Catwoman repeatedly goes around with Batman in this story line. When they’re not rolling around with erotic intentions, it seems the main quarrel between them is when she puts herself and others in more danger than he can get them out of. I get the impression that Batman looks the other way for the kinky little temptress, and her swaying hips have certainly earned that from him, but she just keeps getting in over her head and that winds up putting the caped crusader into a crises of conscious. I think he can tell himself that ignoring her cat-burgling is fine because he’s more about stomping out violent crime and intimidating thugs, but when her shenanigans start people turning up dead he isn’t able to turn away as easily. Though it seems he is not one to victim blame, the criminals come after her because she’s stealing from or messing with them. He likes to work alone and doesn’t have any interest in being some kind of twisted, and often selfish, Robin Hood in the way that Catwoman is doing. I think he’d like it better if she would stay small time and easy to ignore, or maybe even if she would retire and cat burgle her way into his mansion (and bed) every night instead just so she would be safe. Then he wouldn’t have to worry about her safety or the safety of others she puts in danger and then, as a result, he has to rescue those she seeks vengeance on later. I could see how their agendas can sometimes coincide to cause them to work together, but it is clear in this comic that Batman isn’t able to trust Catwoman’s unpredictable and deadly behavior. She is one vengeful murder away from getting on Batman’s eternal bad side, and it is a sad, but I think necessary, part of Catwoman’s plight.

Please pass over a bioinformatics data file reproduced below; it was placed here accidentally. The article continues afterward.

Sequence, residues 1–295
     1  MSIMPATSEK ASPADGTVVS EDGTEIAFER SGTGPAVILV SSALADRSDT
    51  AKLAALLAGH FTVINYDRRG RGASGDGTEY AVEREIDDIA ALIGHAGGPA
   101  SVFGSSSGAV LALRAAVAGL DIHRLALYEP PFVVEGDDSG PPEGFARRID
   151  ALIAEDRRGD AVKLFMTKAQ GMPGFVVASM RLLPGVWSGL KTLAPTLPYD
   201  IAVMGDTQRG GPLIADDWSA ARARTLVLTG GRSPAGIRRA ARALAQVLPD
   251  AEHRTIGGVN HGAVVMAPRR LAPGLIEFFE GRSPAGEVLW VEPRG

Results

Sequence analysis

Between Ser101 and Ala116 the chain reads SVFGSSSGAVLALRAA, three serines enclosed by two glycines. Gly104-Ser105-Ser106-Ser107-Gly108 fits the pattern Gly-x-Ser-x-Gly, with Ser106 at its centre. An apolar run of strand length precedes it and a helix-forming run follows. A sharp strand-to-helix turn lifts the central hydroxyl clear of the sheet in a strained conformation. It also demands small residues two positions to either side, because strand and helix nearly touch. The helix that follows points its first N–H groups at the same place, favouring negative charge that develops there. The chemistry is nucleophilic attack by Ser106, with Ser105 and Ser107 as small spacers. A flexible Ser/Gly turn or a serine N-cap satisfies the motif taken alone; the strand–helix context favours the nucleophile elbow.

This same theme has worked for so long in complimenting Batman’s inner struggles so that the reader can be pressed into deeper thought on the shaky border of right and wrong and how blurry that line can sometimes be. The Game is doing an excellent job of bringing up all those age-old questions in the Catwoman/Batman world that cause us to reflect long after we set the book down. Especially when taking into consideration Gotham City’s signature corrupt police force, who also give Catwoman a lot of trouble. If the justice system isn’t the honorable way, then who is actually the good guy, or is there really one at all? Could it be that the most lovable villains are actually the just force? Is Batman wrong for sparing Bone’s life when Catwoman wants him dead? Is it really right to leave Bone for the corrupt system to punish or release at their whims? Is that justice, or protecting the criminal? Is Batman living in a fantasy of justice, or do his no-kill morals and ability to walk away from his own longing to overreact out of vengeance keep him even more pure and human than the corrupt cops? Does it matter not what the corrupt choose to do and only that the vigilantes stick to their codes? Batman holds himself accountable, and it is clear that he will hold Catwoman accountable in the same way. Now, is it fair for him to do so? Is he trying to protect her? Should feminists be offended by this fatherly attitude from a man toward a potential lover? Should moralists’ heads explode while trying to decide which one of the characters in Catwoman’s world is actually in the right; if any at all? What does that mean for our own world out here in reality?